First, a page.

The designers were said to have been given free rein to develop whatever hot rod, sports car they could create. The Plymouth Prowler was produced for the 1997 and 1999-2001 model years. After the Plymouth name was discontinued in 2001 the Prowler was sold as a Chrysler Prowler for the 2001 and 2002 model years.

Besides the complete lack of vision out of the car, the worst feature was that it was all hat and no horse…as in horsepower. It looked as if it was like the hot rods of old but was “under” powered with a standard 3.5 liter, V-6 engine producing a paltry 250 horsepower. 

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Just the word conjures up the USA pride in the fact that, while maybe we built some crummy cars over the years, at least we weren’t responsible for this little high maintenance proletariat transportation device.

In 1985, Malcom Bricklin began importing the Yugo GV to the United States. Spending any seat time in this vehicle was scary to say the least. Built in Soviet-Bloc Yugoslovia, it made its U.S. debut at the 1984 Los Angeles Auto Show. At time it looked is if the little hatchback offered buyers some value with a 55-hp engine that was capable of 30-mpg fuel ratings and a 110-mph top speed for just $3990.

But the old saying was never truer than with the Yugo, you really do get what you pay for. Most car companies take a less dramatic way to end production than the Yugo that was built at the Zastava's Kragujevac factory.  The factory that was suspected of making weapons and military vehicles was bombed by NATO forces during a Kosovo air-raid. That was mercifully the end of its car-manufacturing days.  

Photo via Wikimedia Commons 

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Pontiac Aztec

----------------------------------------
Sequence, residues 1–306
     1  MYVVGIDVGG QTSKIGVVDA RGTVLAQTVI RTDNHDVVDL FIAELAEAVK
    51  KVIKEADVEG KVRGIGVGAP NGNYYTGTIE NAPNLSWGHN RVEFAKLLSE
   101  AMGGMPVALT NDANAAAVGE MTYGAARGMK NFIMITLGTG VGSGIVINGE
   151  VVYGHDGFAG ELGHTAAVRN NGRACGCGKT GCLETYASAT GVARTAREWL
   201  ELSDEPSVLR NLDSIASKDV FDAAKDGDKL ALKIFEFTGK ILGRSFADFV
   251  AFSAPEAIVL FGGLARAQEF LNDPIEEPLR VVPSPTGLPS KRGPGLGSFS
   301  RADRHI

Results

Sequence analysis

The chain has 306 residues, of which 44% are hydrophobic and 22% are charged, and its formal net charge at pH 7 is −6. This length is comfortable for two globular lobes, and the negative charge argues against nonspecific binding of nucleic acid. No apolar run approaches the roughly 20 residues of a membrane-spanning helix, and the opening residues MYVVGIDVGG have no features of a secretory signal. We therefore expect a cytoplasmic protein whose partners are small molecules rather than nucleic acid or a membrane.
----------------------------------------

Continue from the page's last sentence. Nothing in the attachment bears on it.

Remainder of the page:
It was a tough call which GM vehicle would get the number one slot but the horror that was this ugly SUV seemed to be generated by multiple layers of incompetence rather than the complete disregard for the consumer as our number one choice.

Like the Baja, the Aztec has taken on a new cult status with one of television’s greatest characters driving it. But even Walter White from Breaking Bad and his bad ass fedora could not save the Aztec from being a hideous vehicle. It was something of a crossover vehicle but did neither well and its plastic exterior made it the butt of many a joke and conversation.

It’s likely that when Pontiac marketing reps determined giving one away to the first Survivor winner they thought of all the great press they would get. However, following the finale of the show, Howard Stern went on the air the next day and talked about what an ugly vehicle it was and that even if they gave him one, he wouldn’t take it. GM forecast sales of up to 75,000 Azteks per year, and needed to produce 30,000 annually to break even. Just 27,322 were sold in 2001.  The Pontiac Aztek was sold from 2001 to 2005. 

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Cadillac Cimarron

It used to be, General Motors buyers would work their way up the GM family of cars and when they really “made it”, they bought a Cadillac. The emblem on the front of the car meant more than just designating what brand the car was but showed off what the driver had achieved in his or her lifetime.

In the mid 80’s the GM bean counters had such disregard for their customers and the brand significance they put out the Cadillac Cimarron.  The Cimarron was simply a rebranded version of GM’s entry-level product of the time, the Chevrolet Cavalier. The fake Cadillac didn't exhibit any traditional Cadillac styling features and other than Cadillac badges, was virtually identical to the Cavalier. Both the Cimarron and Cavalier were built on the same assembly plant in South Gate, California and Janesville, Wisconsin.

It was first introduced in 1981 for the 1982 model year, and sold through 1988. During its seven-year model run, 132,499 were built and those responsible should make a pilgrimage to each household and apologize. It’s hard to say what the biggest problem was with the car itself.  The meager 2.0 liter 4 cylinder engine with just 88 horsepower (in a Cadillac!) didn’t help. The worst was likely the arrogant price tag of twice that of the Cavalier with the Cadillac version selling for $12,000.